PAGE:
• From those who rehabilitate several animals per year to those who work with several thousand
  • From experienced educators to rehabilitators wanting to become more effective at educating the public
  • From those with hungry minds and a lot to learn to those with experience who are willing to teach and mentor others
  • From veterinarians and veterinary students to rehabilitators who have been trained to provide important first aid measures for new patients
  • From those who are paid to those who volunteer or fund rehabilitation from their own pockets.

This means MORE opportunities to find information, techniques, advice, and assistance you are seeking. There ARE others with similar interests, experience levels, needs, and concerns; you can seek them out and make the connections.


Q:  What is the Meet & Greet or the New Member Meeting?

A one-hour Meet and Greet meeting is scheduled on Tuesday evening of the Symposium for new NWRA members and first time symposium attendees, but EVERYONE IS WELCOME. After an introduction to NWRA and a brief explanation of how the symposium runs, people gather in small groups to meet others and get acquainted, to meet NWRA board members, and to ask any questions. Attendees have told us that it really helps them get oriented, more comfortable, and make friends.


Q:  How do you find speakers for all the symposium talks?

Some individuals fill out the Presentation Application Form, some are recruited by the Program Coordinator, and some are recommended by members. You also are among those who can contribute to the knowledge foundation in our field. Your experience and expertise should be shared, so your current colleagues, as well as those that follow you, will have the benefit of what you have learned and don't experience the same trial and error. Consider giving a presentation in your area of expertise at the symposium.


Q:  I wish NWRA would have a symposium near me. How do you choose a location?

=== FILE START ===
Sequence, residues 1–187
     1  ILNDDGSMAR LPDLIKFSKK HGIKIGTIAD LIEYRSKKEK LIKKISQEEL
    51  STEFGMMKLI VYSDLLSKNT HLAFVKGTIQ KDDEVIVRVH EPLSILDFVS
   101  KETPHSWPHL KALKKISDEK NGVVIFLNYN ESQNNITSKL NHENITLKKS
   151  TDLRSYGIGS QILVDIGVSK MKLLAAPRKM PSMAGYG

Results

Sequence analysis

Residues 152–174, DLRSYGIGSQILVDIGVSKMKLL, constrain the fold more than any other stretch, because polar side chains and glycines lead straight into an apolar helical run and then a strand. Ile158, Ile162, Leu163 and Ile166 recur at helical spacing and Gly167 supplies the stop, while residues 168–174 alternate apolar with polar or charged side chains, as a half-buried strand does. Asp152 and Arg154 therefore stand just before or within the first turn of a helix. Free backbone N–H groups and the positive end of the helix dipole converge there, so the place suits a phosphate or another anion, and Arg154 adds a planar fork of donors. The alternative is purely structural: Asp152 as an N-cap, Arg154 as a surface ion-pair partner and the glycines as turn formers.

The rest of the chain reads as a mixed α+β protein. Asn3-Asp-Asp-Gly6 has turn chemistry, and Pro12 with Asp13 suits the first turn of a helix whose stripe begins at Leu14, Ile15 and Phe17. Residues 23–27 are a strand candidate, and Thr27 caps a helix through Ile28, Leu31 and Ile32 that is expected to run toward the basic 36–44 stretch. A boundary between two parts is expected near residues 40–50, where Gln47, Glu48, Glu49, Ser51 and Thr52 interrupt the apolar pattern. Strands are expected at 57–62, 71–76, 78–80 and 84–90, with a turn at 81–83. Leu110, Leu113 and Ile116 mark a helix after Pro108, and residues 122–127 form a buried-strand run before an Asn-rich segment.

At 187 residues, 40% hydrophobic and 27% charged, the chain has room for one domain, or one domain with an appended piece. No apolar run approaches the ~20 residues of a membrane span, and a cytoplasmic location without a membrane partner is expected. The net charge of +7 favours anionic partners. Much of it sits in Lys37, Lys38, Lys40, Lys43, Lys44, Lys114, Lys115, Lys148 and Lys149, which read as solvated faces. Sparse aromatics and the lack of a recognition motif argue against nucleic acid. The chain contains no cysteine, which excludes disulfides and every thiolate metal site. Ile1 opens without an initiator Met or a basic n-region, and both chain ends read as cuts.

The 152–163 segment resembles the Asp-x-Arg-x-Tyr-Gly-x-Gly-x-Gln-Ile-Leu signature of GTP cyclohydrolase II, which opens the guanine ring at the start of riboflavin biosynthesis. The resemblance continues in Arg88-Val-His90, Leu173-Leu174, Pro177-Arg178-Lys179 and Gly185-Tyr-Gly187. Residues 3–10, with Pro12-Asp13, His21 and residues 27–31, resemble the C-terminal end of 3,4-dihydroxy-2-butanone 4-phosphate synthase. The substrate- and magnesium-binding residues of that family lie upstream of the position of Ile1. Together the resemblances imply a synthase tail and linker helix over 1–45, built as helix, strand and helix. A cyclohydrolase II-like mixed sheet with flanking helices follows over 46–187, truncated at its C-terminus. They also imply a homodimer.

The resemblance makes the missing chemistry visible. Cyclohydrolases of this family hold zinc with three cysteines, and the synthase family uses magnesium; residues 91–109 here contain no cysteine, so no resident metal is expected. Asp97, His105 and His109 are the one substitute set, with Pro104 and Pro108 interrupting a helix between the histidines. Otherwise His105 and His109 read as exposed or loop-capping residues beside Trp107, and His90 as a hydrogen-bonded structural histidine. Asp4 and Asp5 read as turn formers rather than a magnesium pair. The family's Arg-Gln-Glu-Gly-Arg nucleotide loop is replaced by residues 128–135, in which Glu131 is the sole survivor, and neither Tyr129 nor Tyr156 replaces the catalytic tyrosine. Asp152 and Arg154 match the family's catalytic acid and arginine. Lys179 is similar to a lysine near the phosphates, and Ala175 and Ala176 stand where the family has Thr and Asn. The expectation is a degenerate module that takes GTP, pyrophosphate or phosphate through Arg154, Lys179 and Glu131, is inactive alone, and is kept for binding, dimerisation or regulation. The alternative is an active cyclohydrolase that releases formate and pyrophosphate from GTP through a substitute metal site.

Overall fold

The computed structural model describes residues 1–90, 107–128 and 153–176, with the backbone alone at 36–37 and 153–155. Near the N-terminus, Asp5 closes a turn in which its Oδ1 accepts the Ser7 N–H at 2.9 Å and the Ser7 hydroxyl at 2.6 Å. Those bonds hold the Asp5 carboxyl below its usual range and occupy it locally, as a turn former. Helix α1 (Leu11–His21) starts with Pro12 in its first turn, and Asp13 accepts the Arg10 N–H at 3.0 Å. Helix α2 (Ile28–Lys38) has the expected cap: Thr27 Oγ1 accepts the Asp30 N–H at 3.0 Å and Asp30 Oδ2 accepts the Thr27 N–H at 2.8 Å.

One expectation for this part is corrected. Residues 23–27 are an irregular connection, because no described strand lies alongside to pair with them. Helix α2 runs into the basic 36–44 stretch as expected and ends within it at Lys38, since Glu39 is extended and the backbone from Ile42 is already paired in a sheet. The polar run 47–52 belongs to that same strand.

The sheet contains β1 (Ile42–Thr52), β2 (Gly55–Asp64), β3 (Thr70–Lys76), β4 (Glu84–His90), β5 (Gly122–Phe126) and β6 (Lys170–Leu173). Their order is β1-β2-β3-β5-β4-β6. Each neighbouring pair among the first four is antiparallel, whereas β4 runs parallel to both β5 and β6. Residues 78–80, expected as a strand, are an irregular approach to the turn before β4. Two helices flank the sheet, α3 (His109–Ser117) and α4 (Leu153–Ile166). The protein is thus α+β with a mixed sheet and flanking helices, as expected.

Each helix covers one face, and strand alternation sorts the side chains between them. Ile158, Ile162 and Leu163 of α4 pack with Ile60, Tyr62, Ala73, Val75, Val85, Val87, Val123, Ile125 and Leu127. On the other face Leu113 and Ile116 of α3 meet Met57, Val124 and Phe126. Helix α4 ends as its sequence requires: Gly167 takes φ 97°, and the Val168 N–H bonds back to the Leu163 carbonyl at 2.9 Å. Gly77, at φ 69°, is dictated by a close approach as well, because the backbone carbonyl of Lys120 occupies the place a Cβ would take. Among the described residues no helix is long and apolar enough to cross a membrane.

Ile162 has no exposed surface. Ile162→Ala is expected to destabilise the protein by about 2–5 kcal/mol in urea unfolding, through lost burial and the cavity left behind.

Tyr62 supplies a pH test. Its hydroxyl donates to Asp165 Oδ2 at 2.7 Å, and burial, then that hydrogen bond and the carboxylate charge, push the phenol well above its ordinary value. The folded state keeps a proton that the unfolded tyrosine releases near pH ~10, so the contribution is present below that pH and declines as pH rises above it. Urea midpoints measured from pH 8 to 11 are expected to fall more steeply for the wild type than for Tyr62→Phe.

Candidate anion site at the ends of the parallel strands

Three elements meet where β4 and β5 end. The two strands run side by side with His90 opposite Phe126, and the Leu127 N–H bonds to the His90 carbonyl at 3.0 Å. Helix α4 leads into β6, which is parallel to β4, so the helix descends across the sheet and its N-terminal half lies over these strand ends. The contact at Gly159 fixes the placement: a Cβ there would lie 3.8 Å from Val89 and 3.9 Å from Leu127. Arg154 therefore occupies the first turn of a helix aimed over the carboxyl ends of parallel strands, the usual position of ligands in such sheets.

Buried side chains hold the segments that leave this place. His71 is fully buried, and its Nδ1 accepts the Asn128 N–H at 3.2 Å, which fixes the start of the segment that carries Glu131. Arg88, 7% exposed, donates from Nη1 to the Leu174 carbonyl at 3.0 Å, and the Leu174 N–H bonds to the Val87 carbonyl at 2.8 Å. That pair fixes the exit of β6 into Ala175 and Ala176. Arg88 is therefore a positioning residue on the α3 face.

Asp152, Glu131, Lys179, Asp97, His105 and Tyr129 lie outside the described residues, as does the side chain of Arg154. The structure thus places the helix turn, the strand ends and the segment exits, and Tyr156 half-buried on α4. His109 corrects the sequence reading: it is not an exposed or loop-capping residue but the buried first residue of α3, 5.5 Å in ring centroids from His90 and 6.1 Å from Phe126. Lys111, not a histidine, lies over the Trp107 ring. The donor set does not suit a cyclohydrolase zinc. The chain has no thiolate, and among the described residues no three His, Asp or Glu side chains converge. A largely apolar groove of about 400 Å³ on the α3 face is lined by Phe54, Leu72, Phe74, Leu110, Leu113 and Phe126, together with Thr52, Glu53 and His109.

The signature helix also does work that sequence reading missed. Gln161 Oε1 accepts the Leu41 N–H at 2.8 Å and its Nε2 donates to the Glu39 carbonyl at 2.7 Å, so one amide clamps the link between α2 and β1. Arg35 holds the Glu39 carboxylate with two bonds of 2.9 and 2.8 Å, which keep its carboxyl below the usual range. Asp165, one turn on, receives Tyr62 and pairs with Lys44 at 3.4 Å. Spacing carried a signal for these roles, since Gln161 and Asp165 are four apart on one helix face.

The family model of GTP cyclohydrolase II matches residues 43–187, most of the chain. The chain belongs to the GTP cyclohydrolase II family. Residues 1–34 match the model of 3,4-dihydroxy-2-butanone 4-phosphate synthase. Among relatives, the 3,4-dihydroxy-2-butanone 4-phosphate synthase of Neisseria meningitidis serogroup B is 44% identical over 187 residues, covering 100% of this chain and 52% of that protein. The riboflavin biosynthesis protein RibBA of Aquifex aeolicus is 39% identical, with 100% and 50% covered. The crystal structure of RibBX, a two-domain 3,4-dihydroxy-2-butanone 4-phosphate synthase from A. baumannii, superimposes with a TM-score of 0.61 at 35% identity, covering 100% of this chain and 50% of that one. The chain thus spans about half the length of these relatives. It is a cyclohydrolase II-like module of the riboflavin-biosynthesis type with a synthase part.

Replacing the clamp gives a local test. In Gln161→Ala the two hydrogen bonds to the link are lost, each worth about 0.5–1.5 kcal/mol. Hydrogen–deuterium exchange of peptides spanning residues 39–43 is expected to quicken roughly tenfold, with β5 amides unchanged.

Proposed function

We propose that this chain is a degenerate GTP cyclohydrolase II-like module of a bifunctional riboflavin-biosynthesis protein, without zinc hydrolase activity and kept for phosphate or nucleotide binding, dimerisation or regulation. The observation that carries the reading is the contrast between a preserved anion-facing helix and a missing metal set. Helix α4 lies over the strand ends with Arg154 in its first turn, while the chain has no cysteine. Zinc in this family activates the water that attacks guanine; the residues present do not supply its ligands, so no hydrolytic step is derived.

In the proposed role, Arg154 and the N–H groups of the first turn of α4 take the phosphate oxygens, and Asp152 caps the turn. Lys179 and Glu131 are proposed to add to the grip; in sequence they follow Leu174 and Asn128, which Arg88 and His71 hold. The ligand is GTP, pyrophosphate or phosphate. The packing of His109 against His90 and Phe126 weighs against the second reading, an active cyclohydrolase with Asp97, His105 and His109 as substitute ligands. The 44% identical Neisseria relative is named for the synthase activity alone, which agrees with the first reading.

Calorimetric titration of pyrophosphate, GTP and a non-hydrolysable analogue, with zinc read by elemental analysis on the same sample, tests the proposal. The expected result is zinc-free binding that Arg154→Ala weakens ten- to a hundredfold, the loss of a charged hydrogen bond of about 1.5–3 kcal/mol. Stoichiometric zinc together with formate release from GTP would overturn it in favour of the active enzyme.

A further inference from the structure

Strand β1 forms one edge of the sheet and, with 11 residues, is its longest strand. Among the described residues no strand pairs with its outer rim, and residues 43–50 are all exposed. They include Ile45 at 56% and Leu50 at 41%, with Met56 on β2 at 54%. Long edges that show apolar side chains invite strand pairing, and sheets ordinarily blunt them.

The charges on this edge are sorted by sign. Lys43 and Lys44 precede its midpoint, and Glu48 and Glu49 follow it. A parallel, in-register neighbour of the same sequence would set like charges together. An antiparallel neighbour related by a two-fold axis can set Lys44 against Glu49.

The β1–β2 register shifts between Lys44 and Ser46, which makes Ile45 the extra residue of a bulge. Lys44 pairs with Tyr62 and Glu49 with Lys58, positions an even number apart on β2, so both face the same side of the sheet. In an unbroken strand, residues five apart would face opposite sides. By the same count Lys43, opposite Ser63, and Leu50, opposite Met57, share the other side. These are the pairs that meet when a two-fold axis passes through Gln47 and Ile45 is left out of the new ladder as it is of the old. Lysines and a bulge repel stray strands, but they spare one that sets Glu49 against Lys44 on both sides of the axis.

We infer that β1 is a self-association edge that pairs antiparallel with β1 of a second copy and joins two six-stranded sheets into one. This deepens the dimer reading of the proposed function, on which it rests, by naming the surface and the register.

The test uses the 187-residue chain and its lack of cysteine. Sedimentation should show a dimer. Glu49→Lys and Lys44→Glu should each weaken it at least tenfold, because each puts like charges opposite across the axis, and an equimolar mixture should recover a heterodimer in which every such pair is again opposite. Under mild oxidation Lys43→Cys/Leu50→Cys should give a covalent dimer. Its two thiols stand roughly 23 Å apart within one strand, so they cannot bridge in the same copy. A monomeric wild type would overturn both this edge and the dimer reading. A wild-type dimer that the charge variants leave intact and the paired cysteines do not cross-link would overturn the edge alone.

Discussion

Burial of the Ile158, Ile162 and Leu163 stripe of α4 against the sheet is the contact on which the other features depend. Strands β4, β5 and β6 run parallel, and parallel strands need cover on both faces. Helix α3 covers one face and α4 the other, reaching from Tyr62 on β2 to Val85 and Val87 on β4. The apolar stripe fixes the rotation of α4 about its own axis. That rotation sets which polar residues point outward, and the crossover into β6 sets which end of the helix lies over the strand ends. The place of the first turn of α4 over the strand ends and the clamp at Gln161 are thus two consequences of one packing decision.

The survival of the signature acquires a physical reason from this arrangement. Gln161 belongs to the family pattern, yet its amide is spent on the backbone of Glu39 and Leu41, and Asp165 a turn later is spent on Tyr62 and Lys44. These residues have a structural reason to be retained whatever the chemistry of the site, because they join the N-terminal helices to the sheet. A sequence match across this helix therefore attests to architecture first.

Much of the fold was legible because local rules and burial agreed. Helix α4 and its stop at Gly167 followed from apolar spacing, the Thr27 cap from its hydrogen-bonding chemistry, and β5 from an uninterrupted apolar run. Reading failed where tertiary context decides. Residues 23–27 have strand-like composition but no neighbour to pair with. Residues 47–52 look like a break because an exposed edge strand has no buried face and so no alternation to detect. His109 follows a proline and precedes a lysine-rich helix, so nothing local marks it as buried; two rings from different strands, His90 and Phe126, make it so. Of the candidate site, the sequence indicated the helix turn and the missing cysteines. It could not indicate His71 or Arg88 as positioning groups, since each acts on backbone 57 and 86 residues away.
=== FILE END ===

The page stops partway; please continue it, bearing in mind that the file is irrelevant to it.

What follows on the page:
Each year the NWRA Symposium Coordinator searches for a suitable place. It must have:

  1. A hotel with meeting rooms large enough to accommodate the sessions; reasonable rates for clean and comfortable sleeping rooms; enough sleeping rooms to handle the number of attendees; good food choices either on-site or nearby; enough public space in meeting area for gathering into groups and networking; no hidden or outrageous fees for things such as exhibitor boxes shipped into and out of the hotel, or minimum meeting room and catering rates (some hotels require $30,000 or more!); and no hidden contract clauses such as their workers MUST handle all AV needs (this could cost an additional $20,000 to $30,000!)
  2. A nearby airport that has service by major airlines, without connections and transfers required, and a reasonable shuttle service to get people between the airport and hotel
  3. A Host Committee that works to assist NWRA with workshop specimen acquisition, transportation, and legal disposal; acquiring donated workshop supplies; and finding volunteers to help in presentation rooms and with AV and workshops
  4. A reasonable number of rehabilitators within driving distance (this is why sparsely populated locations are seldom used).

It is becoming more difficult each year to hold down expenses (and thus fees) due to the increasing costs of everything in our economy.